double The apparition of a living person that is an exact duplicate, even including details of dress. Doubles fall into two categories: Death Omens and a type of possible out-of-body projection or Bilocation, done either consciously or unconsciously. The belief that doubles are death omens is widespread. In Britain and Europe doubles are known by a variety of names, including wraith, FETCH, waff, fye, swarth and task. In Germany doubles are called doppelgänger, or “doublegoer.” As a death omen, doubles are seen by others who are in a distant location just as the individual in question is about to die or has died. The double may appear real, or have a filmy, ghostly look about it. In some rare cases, individuals see their own doubles shortly before they die. Poet Percy Bysshe Shelley saw his double shortly before he drowned. Catherine of Russia saw her double seated upon her own throne, and ordered her guards to fire on it. Not all cases of doubles are harbingers of death; some seem to be projections of consciousness that somehow assume visible form. Mystics and adepts are said to have the ability to project themselves, or bilocate, at will. Others who project their doubles may not be aware they are doing so. Many cases collected by psychical researchers remain unexplained (see ARRIVAL CASES; LOUIS RODGERS). The belief that the spirit or soul exists in a visible double is ancient and widespread, particularly among animistic societies. The Maori believe that the double cannot be distinguished from the real person unless it reveals itself by becoming filmy. The Melanesians, Iroquois and others believe that the soul is a reflection of the body. The Nyassa believe likewise, but also believe that the double can only be seen in DREAMS.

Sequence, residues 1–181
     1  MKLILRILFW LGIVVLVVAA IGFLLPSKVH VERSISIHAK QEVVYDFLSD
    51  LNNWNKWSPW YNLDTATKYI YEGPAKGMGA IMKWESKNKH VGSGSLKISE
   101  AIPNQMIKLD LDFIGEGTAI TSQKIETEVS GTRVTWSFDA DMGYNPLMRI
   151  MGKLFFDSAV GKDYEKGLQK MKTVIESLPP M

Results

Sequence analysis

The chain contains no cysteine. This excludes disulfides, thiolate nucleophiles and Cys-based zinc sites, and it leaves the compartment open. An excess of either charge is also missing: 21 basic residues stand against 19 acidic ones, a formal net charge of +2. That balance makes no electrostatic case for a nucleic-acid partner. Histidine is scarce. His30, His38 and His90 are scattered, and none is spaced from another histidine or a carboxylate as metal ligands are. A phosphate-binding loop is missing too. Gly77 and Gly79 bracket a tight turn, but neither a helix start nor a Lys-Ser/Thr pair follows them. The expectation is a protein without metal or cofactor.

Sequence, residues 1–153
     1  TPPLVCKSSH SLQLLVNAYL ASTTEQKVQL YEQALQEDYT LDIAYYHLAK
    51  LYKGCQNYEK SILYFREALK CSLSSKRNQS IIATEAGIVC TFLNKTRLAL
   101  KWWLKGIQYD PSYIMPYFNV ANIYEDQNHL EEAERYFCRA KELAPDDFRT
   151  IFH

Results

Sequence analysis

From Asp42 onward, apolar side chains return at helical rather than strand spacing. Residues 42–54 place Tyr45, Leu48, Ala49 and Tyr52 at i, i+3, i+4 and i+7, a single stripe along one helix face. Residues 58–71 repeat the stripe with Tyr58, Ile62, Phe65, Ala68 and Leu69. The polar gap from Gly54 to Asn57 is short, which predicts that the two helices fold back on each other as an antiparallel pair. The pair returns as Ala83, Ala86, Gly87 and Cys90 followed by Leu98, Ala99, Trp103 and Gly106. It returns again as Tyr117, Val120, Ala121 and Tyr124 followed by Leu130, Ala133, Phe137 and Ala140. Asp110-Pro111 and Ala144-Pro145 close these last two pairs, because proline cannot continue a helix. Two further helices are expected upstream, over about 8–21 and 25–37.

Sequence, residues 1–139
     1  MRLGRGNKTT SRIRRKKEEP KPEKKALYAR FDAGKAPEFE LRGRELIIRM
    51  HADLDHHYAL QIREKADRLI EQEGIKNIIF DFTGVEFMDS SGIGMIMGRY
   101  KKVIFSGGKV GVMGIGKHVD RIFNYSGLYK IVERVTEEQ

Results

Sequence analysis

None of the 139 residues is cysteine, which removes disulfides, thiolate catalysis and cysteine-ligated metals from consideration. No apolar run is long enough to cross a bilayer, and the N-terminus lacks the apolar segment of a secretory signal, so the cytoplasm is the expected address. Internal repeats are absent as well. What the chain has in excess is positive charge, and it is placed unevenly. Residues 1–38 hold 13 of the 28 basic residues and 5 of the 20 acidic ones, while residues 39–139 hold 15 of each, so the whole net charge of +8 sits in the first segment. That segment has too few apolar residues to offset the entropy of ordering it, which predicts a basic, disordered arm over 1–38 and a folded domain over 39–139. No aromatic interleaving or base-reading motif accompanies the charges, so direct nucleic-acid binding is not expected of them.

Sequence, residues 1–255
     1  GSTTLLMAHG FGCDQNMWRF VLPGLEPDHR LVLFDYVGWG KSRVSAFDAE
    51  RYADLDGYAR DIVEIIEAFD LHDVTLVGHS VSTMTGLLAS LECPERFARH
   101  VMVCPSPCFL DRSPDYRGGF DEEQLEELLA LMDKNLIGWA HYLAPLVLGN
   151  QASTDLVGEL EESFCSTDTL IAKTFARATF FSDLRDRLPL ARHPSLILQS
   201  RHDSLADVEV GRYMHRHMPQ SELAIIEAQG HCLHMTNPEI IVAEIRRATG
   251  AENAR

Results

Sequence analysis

FURTHER READING :
Gurney, Edmund, Frederic W. H. Myers, and Frank Podmore. Phantasms of the Living. London: Kegan Paul, Trench, Trubner & Co. Ltd., 1918. Leach, Maria, and Jerome Fried, eds. Funk & Wagnalls Standard Dictionary of Folklore, Mythology, and Legend. San Francisco: Harper & Row, 1979. Spence, Lewis. The Encyclopedia of the Occult. London: Bracken Books, 1988. Reprint.